Smoke break, I need to clear my head a bit, or maybe not but still I am doing it anyway because it feels right. Don’t be sad, I will be back before you know it (;

Leaving space to let you know I have been gone for a while d:

I love writing ! Its worse than heroin… I have been doing this for at least half an hour … OK maybe an hour : )

I got sick at some point ( I haven’t been sick that much so that I can’t get off my bed for at least 20 years but I regret nothing )!

A bit of a pickmeup https://www.youtube.com/watch?v=eB6SUuBFWeo : )

I am a creature that lives in music. I have literally didn’t sleep for about 4 days, I drank an energy drink and stopped, then I put on Linkin park’s first album with the volume to the max and in half a minute I was jumping and reaching the roof. I am music ! Kinda like Oppenheimer’s speach about the project Manhattan – I am become death, the destroyer of worlds…https://www.youtube.com/watch?v=lb13ynu3Iac The saddness in his eyes says it all, whenever I think about this I start to cry…

My name is RadostIn a simple translation is HappinesIn and I am happy that I met another person with my name and he is the same “provider” of happiness, cause I have met another 2 who were the opposite…

I am proud to say that I have met some of the most amazing people that this world can provide and some of the worst too. Be afraid of people who avoid eye contact.

I am wondering right now what else can I write, but I want to continue, so I will finish this smoke and see what comes (;

Ръцете във атака, не щадете гърлата, сърцето не кляка, това ни е живота бе казано накратко! Първо отворете двете после трето око ! Hands on attack, don’t spare your throats, the heart doesn’t back down, this is our life to put it simply! First open two eyes then the third !

Backblaze Blog | The Life of a Cloud Backup Company: Backblaze 2 – The Search for More Revenue

This post was syndicated from: Backblaze Blog | The Life of a Cloud Backup Company and was written by: Yev. Original post: at Backblaze Blog | The Life of a Cloud Backup Company

After we released Backblaze Online Backup 4.0, people starting uploading data crazy quickly!

That's not bad!1TB backed up per day? That’s not bad!

Once that happened we realized that we needed to buy a bunch more Backblaze Vaults to store all that data. The question we had to ask ourselves was: “How do we maintain our $5/month price for the Backblaze service while finding new ways of making money to so we can afford all those fancy Backblaze Vaults?”.

The answer came in the form of a parental magazine that someone had laying around in the office. It turns out, new parents are always looking for DIY projects and ways to save money. We found our answer!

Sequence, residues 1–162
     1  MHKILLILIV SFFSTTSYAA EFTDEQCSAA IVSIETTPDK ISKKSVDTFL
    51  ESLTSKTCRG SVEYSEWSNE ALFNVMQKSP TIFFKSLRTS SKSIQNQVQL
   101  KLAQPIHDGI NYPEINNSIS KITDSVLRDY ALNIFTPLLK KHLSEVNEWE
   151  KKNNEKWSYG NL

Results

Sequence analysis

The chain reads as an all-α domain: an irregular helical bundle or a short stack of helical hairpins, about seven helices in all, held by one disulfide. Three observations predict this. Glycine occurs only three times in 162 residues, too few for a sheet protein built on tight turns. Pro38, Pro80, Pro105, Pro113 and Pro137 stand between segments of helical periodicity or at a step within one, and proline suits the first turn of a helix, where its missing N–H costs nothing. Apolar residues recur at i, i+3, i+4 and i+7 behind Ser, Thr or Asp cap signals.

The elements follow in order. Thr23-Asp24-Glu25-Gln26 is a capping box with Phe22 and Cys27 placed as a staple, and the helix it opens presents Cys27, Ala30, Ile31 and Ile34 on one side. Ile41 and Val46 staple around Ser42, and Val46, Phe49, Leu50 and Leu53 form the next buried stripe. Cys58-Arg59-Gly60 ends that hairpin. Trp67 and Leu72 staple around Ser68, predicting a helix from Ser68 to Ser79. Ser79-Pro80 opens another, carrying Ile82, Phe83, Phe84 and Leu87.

For the low low low price of around $100 + one empty Backblaze Storage Pod chassis (prices may vary) we’re able to produce a crib for you and your loved ones.

That’s right. Backblaze is entering the baby business!

Parts

What does it take to build a baby pod? Well, first off you need a pod, and lot of elbow grease:


You have to make sure that you get all of the stand-offs…off!

Beyond that, here’s a full parts list:

Description
Qty
Units
High Density Urethane Foam Panel
Storage Chassis Padding – 2 inches thick – 3×3 ft
1
Panel
High Density Urethane Foam Beam
Top edge padding – 2×2 inches sq – 3 feet long
2
each
High Density Urethane Foam Beam
Top edge padding – 2×2 inches sq – 2 feet long
2
each
Flannel Sheet
Color/Pattern of choice
2
Yds
Crib Cover
Color/Pattern of choice
2
Yds
Skirting Material
Color/Pattern of choice
2
Yds
Fleecing Material
Color/Pattern of choice
3
Yds
Hot Glue Gun
1
Each
Sewing Thread
Color of choice
1
Spool
Sewing Machine
1
Each

Assembly Instructions

OK, so if you have all of those, what do you do?

First, you’ll need to pad the storage pod (after you’ve cut out and buffed down all the pokey bits). Do this by hot-gluing the high-density foam in to all of the pod’s nooks and crannies. Once done, you’re ready for the sheets!

To make the baby bed sheets:

  1. You will need 1 piece of fabric cut to size, that is a ½ inch longer on the sides and 2 ½ inches longer on the top than the bed measurement.
  2. Lay the fabric out print side down on a flat surface.
  3. Fold all 4 sides in by 1/16 of an inch or so (can be more but not by much). Place sewing needles along the sides to keep the small fold in place.
  4. With a sewing machine, sew a 1/16 seam allowance.
  5. Fold the top of the sheet in by 2 inches. Place sewing needles along the middle of the fold, piercing both layers of fabric to keep the fold in place.
  6. With a sewing machine, sew a 2 inch seam allowance.
  7. Fold the 2 sides and bottom in by a ½ inch. Place sewing needles piercing both layers of fabric along the sides and bottom to keep the fold in place
  8. With a sewing machine, sew a 1/2 inch seam allowance.
  9. Now, just drape it over the foam and you’re good to go!

Babies get cold, what about a blanket? Glad you asked:

  1. Lay the two pieces of fleece 1 on top of the other, backsides together. (You will need to cut the 3 yards into 1.5 yard pieces.)
  2. Trim around the edges to ensure both pieces are the same shape and size and to get rid of any damaged/frayed material. A ruler is most helpful here!
  3. Cut a 3-4 inch square out from all 4 corners.
  4. Cut slits about 3 inches deep and 1 inch a part all the way around the fabric.
  5. Match the bottom and top slits and double knot them – but not too tight!

Results

Think we’re crazy? We have tons of happy customers! From our own baby pods:

Where did you think our big pods came from?Where did you think our big pods came from?